Recently, reinforced concrete beams strengthened with carbon fiber reinforced polymers (CFRP) have been widespread. The objective of this research is to calculate the shear strength capacity increment of reinforced concrete beams strengthened by CFRP strips. The ABAQUS software was used to construct a model of the finite elements for beam simulation. Six beams were generated in ABAQUS software, two were control beams and the remaining four were reinforced by varying CFRP strips. All beams had the same rectangular crosssection geometry and length. The obtain results showed that CFRP can significantly increase the shear capacity of the beam. And the highest load and deflection is a little affected by the CFRP strips orientation. This study can proposes a more economical way for existing structures to improve the carrying capacity.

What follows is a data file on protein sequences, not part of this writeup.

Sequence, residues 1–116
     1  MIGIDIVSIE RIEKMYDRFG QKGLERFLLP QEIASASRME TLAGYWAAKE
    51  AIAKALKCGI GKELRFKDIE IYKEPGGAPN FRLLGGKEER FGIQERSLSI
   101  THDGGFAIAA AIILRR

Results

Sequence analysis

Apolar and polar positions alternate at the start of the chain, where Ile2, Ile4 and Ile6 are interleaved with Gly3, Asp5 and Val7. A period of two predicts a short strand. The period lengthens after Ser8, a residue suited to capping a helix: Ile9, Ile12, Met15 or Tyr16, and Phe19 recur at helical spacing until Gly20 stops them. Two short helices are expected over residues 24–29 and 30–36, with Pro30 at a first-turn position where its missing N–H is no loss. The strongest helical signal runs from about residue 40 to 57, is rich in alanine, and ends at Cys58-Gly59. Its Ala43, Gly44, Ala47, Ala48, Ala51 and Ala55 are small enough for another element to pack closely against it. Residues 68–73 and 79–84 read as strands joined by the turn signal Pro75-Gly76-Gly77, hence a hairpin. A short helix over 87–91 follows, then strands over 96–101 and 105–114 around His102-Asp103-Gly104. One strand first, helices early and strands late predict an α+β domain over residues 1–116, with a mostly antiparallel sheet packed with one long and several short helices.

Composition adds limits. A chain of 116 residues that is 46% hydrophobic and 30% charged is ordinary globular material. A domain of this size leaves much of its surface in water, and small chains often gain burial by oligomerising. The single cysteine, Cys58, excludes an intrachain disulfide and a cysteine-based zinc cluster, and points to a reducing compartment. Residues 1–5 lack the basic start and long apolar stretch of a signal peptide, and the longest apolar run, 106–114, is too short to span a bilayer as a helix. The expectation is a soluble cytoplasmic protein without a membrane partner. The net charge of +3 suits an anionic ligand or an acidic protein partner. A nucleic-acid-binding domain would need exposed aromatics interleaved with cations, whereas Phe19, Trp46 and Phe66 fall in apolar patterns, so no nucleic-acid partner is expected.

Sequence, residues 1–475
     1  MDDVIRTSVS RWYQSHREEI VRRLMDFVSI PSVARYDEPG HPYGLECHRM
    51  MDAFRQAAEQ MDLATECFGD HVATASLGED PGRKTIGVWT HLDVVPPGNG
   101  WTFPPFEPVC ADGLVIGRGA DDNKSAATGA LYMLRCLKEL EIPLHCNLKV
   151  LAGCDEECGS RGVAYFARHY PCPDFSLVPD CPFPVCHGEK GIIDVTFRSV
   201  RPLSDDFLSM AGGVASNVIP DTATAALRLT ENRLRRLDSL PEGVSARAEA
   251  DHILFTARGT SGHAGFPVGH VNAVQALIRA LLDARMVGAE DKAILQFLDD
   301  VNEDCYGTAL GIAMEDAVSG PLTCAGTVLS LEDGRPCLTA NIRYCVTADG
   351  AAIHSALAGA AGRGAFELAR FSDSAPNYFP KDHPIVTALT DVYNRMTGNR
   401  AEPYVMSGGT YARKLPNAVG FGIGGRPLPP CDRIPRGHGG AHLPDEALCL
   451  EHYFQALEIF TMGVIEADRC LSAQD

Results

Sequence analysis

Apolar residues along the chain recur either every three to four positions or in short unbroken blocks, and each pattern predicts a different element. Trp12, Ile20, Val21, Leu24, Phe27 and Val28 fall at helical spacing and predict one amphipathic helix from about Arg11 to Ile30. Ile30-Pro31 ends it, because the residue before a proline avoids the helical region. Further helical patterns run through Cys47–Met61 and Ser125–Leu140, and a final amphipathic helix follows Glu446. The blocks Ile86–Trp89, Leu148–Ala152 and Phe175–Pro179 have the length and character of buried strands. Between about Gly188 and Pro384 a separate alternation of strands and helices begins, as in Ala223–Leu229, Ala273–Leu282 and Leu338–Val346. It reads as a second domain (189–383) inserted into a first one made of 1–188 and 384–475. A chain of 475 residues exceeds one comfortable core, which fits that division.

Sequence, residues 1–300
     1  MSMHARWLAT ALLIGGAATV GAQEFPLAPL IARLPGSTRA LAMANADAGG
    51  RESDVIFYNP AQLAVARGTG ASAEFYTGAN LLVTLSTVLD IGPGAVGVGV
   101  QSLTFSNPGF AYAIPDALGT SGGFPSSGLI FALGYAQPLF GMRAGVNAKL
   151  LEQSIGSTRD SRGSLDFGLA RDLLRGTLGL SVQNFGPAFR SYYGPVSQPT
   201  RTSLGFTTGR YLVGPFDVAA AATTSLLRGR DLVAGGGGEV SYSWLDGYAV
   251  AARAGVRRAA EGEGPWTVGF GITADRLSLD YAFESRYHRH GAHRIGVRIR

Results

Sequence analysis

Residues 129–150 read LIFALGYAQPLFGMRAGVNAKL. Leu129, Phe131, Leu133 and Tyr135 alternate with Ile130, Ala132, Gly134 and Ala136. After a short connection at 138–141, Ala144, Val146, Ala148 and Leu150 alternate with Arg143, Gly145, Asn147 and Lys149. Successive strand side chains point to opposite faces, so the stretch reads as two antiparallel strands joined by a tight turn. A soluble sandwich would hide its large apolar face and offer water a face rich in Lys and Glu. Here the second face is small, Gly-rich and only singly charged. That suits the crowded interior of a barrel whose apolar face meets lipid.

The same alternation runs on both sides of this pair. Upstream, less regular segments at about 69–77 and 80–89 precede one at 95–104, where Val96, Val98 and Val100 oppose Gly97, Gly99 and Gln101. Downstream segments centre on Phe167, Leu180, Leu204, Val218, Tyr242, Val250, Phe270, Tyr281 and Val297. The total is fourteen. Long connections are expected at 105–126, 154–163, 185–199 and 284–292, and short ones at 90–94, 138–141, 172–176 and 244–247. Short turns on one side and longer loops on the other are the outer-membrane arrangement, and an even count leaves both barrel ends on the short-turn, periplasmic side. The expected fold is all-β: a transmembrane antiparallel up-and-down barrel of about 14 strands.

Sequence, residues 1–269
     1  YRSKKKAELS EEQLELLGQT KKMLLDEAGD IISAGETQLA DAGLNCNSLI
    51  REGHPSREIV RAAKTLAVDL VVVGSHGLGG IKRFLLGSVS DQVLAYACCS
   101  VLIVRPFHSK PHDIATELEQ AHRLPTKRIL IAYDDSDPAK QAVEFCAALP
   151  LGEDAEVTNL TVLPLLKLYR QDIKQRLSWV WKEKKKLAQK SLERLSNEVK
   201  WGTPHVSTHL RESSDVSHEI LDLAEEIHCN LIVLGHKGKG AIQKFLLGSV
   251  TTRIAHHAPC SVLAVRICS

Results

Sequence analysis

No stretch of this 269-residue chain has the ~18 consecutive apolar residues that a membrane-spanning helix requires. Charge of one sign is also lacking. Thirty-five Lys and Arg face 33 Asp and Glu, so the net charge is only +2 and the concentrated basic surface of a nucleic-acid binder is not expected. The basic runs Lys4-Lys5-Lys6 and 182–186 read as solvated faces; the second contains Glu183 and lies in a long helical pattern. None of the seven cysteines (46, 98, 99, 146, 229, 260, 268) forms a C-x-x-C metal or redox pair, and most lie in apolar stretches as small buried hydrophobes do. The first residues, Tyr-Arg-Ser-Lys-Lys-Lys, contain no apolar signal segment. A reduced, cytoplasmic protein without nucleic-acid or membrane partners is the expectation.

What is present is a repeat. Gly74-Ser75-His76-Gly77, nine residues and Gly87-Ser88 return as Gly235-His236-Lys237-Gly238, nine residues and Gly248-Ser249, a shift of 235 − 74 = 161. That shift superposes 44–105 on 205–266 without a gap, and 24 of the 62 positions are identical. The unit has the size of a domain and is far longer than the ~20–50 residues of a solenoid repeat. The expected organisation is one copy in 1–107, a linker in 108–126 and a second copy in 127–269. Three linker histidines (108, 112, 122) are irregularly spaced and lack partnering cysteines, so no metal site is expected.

Key words: Reinforced Concrete (RC) beam, Carbon FiberReinforced Polymer (CFRP), externally bonded, shear strength